Making curve or doomed tops for the hatches is quite a bit more work than flat topped hatches. So, of course, that is what I wanted to build! However, before I could make the sliding hatches I first had to make (door) hatches to close off the two-foot wide stern, and bow openings in the boat's open slot cabin, as shown in this photo. I wanted the top hatches to overlap the installed doors to keep the cabin nice and dry!
Using 1-inch by 4-inch boards I made a simple frame, with two side groves, for the door hatches to slide in and out from the top of the cabin opening. I then cut door panels from two scrap pieces of 5 mm plywood, marking where I wanted to place the Plexiglas windows.
After cutting the openings, making some crude window frames, and a bit of painting, I inserted the Plexiglas windows into the front and rear door hatches. I used a special 100% Silicon Plastic Sealant, made by GE, to seal around the Plexiglas windows.
After adding the top trim to both door hatches, I started making the first sliding hatch. To ensure that the larger hatch would fit over the smaller rear hatch I made the rear hatch first. Just 1 X 3-inch side boards, and 1 x-4- inch curved front and rear boards to make the frame, A curved center brace was added to ensure the curve of the 5 mm plywood top would bend properly.
After I had the rear-sliding hatch roughed out with the domed top glued in place, I started on the larger higher front sliding hatch. I used the same type of framing, only taller to slide over the rear hatch. This photo shows the partly built frame placed over the rear-sliding hatch to ensure it would fit properly.
I then added a curved top as shown in these photos. Placing the hatches over the slot opening ensured that they did indeed slide over and under each other.
Prior to making the two sliding hatches I had looked at dozens of different methods to provide a method for the hatches to be attached to the open cabin rails. There are many tried and workable methods to use, provided there is only one sliding hatch, and it is mounted to be permanently in place. I would have two sliding hatches, and I wanted to be able to quickly remove the hatches to store them in the cabin.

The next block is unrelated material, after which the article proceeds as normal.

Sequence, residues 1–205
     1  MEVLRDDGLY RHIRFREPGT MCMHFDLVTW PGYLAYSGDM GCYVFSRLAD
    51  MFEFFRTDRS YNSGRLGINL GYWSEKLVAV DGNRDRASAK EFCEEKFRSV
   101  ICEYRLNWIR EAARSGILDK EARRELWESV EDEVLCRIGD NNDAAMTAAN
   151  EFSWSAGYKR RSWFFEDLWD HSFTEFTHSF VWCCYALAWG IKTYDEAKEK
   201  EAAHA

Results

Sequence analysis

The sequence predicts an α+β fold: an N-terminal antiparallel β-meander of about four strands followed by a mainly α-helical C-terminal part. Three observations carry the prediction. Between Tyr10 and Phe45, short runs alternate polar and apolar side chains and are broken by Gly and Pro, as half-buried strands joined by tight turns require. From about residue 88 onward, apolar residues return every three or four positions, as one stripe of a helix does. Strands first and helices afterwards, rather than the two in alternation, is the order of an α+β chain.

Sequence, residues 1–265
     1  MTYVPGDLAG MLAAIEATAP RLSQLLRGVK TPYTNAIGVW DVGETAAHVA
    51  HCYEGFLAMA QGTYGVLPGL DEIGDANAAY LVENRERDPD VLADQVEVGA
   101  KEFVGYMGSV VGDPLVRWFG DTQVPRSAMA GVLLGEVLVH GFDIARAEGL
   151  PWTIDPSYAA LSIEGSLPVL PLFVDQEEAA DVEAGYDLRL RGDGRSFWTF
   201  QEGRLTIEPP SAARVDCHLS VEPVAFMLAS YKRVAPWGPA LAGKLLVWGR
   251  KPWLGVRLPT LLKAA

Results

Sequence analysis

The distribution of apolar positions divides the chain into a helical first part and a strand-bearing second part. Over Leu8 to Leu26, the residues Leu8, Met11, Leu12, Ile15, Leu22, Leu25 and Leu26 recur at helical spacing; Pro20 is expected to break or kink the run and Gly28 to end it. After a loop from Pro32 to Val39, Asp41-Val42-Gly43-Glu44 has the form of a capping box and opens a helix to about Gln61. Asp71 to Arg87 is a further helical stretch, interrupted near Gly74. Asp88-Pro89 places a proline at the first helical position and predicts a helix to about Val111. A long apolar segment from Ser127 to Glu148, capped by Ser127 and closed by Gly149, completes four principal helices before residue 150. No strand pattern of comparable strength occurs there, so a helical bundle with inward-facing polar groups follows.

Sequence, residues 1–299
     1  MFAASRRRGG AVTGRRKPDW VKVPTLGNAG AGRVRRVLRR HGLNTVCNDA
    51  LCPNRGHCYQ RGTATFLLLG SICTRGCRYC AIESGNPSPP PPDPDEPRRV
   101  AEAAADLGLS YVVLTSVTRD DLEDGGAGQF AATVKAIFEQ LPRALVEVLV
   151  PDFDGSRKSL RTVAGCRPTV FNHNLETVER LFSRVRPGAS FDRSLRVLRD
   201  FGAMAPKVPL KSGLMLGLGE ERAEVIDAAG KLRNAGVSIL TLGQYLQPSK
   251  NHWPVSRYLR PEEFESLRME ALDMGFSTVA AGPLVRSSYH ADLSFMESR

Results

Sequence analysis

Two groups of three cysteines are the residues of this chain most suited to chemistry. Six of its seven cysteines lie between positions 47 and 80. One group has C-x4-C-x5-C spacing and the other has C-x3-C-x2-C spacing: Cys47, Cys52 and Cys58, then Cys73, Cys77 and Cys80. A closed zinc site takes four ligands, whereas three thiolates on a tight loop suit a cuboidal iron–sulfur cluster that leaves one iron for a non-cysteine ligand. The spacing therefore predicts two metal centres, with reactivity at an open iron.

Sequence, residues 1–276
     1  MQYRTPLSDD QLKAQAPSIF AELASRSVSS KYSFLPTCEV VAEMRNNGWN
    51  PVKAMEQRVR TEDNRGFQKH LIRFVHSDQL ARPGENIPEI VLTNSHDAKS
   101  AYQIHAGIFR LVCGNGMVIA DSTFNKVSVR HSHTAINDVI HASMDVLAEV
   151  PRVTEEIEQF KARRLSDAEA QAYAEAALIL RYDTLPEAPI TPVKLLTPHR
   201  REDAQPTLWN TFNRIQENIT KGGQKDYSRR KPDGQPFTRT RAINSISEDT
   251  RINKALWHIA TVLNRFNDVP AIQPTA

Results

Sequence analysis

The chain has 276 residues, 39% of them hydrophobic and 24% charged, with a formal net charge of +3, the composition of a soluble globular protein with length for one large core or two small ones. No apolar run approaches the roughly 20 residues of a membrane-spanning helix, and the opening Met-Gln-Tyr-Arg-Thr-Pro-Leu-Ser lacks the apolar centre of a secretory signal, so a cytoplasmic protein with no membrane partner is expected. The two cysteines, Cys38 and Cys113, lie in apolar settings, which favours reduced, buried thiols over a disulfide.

So, after much pondering, I decided to take the easy way and just have the sliding hatches fit over the opening rails, and not slide in special groves, etc. When trailering, the hatches should be secured with straps over the tops, and perhaps catches on the inside.
After paint the hatches, I thought I was finished with the sliding hatches except with the catches for inside the Goose's cabin. However, I learned that a local RV dealer had several new and used RV Vents he wanted to get rid of! I ended up buying eight of the Vents for a very low price of $2.00 each!
How does this vent look? I think it might work well for some needed ventilation.
A 14-inch square cutout in the domed front hatch was all that was required. I made a simple framework to hold the RV vent level, and attached it with glue and brad. Some paint, and them some sealer and screws, and it was installed!
I believe the sliding hatches, doors, and RV Vent will serve me well this coming summer! However, after building the two sliding hatches, I must state that it is very doubtful that I would build any future hard sliding hatches for a sailboat with an open slot cabin top.
The main problem is the weight of the hatches. The total weight for my two hatches is 27-pounds with the 3-pound RV Vent installed. Ten pounds for the smaller rear hatch, and 17 pounds for the front hatch.
That's not a large problem for a motor powered Micro-Shanty. However, I'm not sure I would be comfortable in a sailboat, with that much extra weigh topside. A nice water-proof cloth cover for the cabin slot opening would be much easier to store in the cabin, and even with bows wouldn't weigh much more than a couple of pounds! I believe it would also be much easier and faster to make.
Fair winds to all and especially to Gene Berry - a good friend to everyone he meets.